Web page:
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Tokyo Olympics: Who is Mohamed Sbihi, the British-Moroccan rower?

Rower 'proud' to be first Muslim flag-bearer for Great Britain, as he changes his name from Moe to Mohamed to inspire future generations
Mohamed Sbihi (right) carries the British flag at the opening ceremony of the 2020 Tokyo Olympics, becoming the first Muslim to do so (AFP)

On Wednesday, Mohamed Sbihi and seven of his teammates finished second in the men’s eights rowing repechage in Tokyo, booking their place in Friday’s final. 

It means that the British-Moroccan will get the chance to add to his two Olympic medals: a gold in the coxless four in Rio 2016, and a bronze in the men’s eight in London 2012. 

But whatever the outcome, the 33-year-old has already made history, after he became the first-ever Muslim to carry the British flag at the opening ceremony last week. 

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“To know I’m the first person of Muslim faith to have this role and duty is a very proud moment,” he said. “We need more representation and hopefully this starts that process of getting young Muslim kids involved in all types of sport.”

Ahead of his race later in the week, Middle East Eye takes a look at the 6ft 8in athlete forging new ground.

'Normal kid'

Sbihi was born in southwest London to a British mother and a Moroccan father. While growing up, he spent his summer holidays in Tangier, the northwestern Moroccan city where his father's side of the family resides. 

Although rowing often has a reputation in the UK for being dominated by privately educated, privileged athletes, Sbihi describes himself as a “normal kid who went to a normal school”. 

“My story is very different,” Sbihi told the Times last week. “I didn’t go to private school. My parents are not badly off but we’re not well off, to the point that my mum is still not mortgage-free and she is 71.”

At the age of 15, he was spotted by a talent scout and joined the British World Class Start programme. Just months later, he finished first in the junior J15 category at the British Indoor Rowing Championship. 

He then earned a scholarship to study sports science at St Mary’s University, Twickenham, where he played football and basketball, as well as rowing.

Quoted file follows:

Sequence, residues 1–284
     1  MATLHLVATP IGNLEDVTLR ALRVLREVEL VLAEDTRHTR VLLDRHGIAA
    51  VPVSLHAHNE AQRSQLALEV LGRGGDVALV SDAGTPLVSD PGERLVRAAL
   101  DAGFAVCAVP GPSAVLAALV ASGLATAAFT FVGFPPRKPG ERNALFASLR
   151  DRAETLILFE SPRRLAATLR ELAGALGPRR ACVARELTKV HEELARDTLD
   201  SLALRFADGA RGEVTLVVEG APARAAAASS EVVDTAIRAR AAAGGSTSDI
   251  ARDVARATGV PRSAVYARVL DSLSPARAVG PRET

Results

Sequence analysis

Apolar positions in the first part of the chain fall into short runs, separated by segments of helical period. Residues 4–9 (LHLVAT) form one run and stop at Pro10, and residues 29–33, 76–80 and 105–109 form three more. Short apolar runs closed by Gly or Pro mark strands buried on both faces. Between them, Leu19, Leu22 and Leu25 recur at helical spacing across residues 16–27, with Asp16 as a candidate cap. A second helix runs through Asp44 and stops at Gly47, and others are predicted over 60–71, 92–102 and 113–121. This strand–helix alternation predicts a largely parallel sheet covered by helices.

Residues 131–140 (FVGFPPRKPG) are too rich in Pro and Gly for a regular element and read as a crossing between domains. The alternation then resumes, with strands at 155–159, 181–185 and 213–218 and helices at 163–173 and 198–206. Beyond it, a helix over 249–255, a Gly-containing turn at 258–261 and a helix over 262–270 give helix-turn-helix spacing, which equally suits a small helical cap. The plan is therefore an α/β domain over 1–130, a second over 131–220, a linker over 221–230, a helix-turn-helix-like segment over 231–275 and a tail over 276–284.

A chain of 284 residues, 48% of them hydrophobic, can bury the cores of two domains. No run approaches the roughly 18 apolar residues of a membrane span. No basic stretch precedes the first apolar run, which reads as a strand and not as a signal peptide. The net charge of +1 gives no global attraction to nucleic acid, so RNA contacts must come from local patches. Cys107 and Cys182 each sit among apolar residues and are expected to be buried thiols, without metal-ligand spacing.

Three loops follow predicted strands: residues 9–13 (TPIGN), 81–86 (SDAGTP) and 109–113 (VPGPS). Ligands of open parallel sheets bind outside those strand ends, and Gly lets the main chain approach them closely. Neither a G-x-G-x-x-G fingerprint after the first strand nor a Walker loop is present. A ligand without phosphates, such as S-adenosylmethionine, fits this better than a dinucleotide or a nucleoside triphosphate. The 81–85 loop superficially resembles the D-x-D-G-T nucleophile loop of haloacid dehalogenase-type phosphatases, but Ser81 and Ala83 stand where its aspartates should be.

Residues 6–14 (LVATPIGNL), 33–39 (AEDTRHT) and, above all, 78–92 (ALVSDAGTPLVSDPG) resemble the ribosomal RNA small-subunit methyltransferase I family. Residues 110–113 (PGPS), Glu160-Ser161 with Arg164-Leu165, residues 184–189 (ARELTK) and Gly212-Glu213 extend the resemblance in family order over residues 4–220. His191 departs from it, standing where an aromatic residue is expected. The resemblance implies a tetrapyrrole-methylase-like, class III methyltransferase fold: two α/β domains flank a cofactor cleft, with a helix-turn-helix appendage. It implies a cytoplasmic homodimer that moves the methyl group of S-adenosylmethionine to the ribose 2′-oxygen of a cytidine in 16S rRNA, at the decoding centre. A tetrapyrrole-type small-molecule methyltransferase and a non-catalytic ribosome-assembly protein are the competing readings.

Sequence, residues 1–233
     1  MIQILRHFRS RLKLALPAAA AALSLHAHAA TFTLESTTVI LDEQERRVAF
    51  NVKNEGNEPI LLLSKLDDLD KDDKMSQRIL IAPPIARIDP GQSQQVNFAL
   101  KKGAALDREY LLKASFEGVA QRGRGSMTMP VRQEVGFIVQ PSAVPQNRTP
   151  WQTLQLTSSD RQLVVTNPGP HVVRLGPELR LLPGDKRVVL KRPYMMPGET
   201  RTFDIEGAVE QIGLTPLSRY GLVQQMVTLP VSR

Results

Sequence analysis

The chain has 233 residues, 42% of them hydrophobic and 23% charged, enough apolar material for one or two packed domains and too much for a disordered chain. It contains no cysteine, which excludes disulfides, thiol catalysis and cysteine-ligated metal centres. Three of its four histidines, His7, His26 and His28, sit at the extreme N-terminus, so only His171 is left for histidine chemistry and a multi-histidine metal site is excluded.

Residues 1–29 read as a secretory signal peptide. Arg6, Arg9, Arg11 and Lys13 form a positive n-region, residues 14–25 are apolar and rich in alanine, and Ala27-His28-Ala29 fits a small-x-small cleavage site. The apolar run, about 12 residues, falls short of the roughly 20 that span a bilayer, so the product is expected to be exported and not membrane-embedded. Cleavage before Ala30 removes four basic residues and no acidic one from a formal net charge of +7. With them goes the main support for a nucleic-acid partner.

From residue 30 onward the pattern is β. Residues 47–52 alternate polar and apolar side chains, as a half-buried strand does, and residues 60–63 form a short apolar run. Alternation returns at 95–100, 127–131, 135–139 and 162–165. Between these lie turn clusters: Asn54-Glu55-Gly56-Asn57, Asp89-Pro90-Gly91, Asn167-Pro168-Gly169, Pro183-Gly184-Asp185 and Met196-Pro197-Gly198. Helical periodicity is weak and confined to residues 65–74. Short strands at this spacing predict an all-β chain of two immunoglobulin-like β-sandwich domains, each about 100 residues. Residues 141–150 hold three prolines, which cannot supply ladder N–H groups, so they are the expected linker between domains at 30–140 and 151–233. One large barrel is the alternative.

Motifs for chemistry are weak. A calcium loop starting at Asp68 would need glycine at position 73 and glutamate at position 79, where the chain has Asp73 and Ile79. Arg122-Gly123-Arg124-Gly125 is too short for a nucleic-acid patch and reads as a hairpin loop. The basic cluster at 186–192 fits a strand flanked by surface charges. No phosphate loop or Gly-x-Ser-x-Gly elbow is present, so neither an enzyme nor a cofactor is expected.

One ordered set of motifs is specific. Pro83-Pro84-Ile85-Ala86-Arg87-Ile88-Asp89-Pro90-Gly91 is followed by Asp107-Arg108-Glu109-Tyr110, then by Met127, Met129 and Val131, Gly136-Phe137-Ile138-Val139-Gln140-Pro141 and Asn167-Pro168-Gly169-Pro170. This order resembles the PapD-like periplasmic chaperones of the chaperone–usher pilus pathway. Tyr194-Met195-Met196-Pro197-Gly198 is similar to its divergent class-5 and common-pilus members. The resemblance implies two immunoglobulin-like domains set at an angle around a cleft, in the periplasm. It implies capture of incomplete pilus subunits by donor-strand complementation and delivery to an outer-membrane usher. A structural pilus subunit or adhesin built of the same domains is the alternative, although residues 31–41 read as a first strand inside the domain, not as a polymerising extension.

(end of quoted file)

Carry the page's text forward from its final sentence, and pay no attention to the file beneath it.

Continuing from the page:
Olympic glory 

It was at his home Olympics in London in 2012 that Sbihi came to international attention, winning a bronze medal in the men’s eights event. 

He had previously gained media coverage for becoming the first Muslim to row for Great Britain. At the time, he spoke of the challenges of training and competing while fasting during Ramadan. 

Sbihi reportedly considered pulling out of the Olympics due to the impact his fasting may have had on the rest of the team. Instead, he agreed with a local imam in Tangier to provide 1,800 meals to poor families in Morocco to make up for the days of fasting that he missed. 

mohamed sbihi gold medal rio 2016
Mohamed Sbihi (right) and his teammates show off their gold medals following victory in the coxless four rowing final in Rio 2016 (AFP)

Following the London competition, Sbihi took a year's break from doing media interviews, after he felt his background as a Muslim athlete was detracting from his rowing achievements. 

He went on to win three consecutive gold medals at the World Championships between 2013 and 2015, before winning his first Olympic gold medal in the coxless fours event at Rio 2016. His exploits earned him an MBE from the Queen in 2017, in recognition of his sporting achievements.

Paving the way for British Muslims 

Now in the twilight of his rowing career, Sbihi has had a chance to reflect on the impact of his success. 

“Now my rowing has been doing the talking over the last couple of years, I should also be grateful for the fact that my story is very different,” he said. 

After going by his nickname "Moe" for years, he registered for Tokyo 2020 under his full name Mohamed, and requested that all media use it instead of the abbreviated version. 

“If I was 14 or 15 and I could see a figure like myself [at the Olympics], I would believe that I could do it as well. Part of the reason for changing my name is to highlight that,” he explained. 

The trailblazing Muslim athlete has spoken openly about the fact he is likely to retire from the sport at the end of the competition. He’ll look to bow out in style with another podium finish later this week.